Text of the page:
The next time you hear of (for instance) a light aircraft found in a ravine with a pilot and three passengers deceased in an accident which occurred in bad weather, don’t jump to conclusion that pilot error was the cause, or the only cause. Most accidents are far more complex.
The truth is, general aviation is getting safer year by year, although there is no question that flying in a small aircraft is–statistically and on average–many times more hazardous than commercial airline flying. But remember, this is an average: it does NOT correctly reflect the safety of a careful, well-trained general aviation pilot in a well-maintained airplane.
The biggest challenge in my view in the aftermath of a small aircraft accident is finding out all the contributing factors which led to the disaster so we can apply those lessons and prevent similar disasters in the future. The resources and the money, however, just can’t support the extremely detailed reports we’re familiar with from major accidents, and that fact means that we are prone to have repeat accidents from the same causes because we haven’t adequately learned and applied the lessons.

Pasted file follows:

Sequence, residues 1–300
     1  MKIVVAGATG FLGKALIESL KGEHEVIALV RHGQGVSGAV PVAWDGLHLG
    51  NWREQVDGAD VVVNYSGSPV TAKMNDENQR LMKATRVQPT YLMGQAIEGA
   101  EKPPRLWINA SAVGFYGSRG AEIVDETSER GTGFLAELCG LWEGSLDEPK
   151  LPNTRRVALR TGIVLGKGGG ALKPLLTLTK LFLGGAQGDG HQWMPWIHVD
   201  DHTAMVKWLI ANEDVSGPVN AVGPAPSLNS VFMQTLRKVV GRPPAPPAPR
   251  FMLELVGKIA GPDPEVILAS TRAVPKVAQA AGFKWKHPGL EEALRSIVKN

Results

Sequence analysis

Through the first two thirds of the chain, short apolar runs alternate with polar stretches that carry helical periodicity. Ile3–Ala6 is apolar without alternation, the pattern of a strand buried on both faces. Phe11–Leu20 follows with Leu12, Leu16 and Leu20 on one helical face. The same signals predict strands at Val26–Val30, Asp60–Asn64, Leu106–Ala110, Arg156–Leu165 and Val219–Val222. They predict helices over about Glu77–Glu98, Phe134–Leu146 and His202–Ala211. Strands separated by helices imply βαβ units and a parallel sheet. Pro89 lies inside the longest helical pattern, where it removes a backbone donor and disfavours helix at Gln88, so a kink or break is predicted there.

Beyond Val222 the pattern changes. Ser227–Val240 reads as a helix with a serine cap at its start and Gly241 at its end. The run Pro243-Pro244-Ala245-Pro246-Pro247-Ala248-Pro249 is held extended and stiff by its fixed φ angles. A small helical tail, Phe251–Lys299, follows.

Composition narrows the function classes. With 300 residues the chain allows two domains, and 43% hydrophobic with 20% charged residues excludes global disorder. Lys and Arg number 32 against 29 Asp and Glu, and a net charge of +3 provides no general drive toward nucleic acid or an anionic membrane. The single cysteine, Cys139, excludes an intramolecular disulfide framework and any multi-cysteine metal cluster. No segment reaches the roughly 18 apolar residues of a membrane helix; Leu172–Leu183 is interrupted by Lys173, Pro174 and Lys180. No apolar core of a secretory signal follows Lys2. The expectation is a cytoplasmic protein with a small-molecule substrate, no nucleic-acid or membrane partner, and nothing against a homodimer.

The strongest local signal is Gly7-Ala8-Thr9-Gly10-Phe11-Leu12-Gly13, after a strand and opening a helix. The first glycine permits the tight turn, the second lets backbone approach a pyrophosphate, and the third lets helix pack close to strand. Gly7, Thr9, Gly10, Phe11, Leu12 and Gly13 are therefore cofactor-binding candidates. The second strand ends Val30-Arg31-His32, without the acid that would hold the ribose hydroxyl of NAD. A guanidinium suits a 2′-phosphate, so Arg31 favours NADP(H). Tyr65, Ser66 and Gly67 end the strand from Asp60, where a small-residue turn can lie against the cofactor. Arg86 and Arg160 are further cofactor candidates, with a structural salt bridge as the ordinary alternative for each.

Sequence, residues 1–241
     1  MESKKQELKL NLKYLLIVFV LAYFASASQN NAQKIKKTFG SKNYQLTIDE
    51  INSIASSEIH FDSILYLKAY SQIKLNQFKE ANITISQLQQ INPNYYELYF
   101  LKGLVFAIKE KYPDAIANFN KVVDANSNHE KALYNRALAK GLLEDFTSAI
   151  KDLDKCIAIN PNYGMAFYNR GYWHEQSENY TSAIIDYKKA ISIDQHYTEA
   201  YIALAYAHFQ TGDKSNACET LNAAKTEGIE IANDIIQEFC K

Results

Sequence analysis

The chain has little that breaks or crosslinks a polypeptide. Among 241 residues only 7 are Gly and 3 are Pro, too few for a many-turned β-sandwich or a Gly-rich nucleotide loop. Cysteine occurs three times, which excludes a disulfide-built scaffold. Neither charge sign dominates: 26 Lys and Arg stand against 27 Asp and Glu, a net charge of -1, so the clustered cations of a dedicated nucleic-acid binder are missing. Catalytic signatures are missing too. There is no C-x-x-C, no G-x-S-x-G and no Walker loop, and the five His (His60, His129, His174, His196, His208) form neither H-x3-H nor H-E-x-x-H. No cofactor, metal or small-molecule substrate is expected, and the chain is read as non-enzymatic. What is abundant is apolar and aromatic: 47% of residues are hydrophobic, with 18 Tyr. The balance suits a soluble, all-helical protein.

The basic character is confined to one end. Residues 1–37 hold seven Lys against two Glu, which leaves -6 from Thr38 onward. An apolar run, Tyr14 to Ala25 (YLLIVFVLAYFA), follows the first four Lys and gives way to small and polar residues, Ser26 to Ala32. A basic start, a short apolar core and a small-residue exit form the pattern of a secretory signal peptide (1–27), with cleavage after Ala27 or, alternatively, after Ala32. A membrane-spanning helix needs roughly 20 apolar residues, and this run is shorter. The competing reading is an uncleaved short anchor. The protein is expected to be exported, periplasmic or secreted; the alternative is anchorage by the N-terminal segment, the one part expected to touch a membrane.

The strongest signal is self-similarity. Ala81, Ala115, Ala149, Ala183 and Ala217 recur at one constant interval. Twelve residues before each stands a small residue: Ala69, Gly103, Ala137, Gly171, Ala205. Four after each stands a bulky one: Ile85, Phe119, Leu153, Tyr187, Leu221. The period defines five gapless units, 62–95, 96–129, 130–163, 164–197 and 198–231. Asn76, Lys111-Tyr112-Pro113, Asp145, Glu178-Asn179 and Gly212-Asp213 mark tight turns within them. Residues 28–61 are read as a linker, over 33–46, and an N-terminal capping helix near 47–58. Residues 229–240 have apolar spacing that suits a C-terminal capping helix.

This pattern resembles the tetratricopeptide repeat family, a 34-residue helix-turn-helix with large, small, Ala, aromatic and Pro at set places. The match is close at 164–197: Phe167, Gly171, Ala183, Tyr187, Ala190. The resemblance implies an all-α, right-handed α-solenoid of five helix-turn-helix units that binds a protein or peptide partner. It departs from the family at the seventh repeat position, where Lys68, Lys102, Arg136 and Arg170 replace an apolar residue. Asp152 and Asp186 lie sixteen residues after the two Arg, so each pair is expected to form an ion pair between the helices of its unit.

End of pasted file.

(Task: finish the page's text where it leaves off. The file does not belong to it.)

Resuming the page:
The Human Factors aspects–what led a human to fail when a human failure was at the heart of the loss–is a prime example. Okay, so we had a pilot continue flight into instrument weather conditions when he or she wasn’t qualified to handle such a challenge and that was a primary cause. But what leads a pilot to do such a thing? Bad raining? Bad attitude? Liquor? A hidden physical problem? When we’re unable to get all the contributing factors on the table, were unable to focus regulators and educators alike on eradicating the tendency of pilots to fall into the same traps.
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New York Times Bestselling author John J. Nance is a veteran airline captain, a decorated U.S. Air Force pilot and war veteran, a licensed attorney, professional speaker and world-recognized Aviation Analyst. Read more about John Nance here.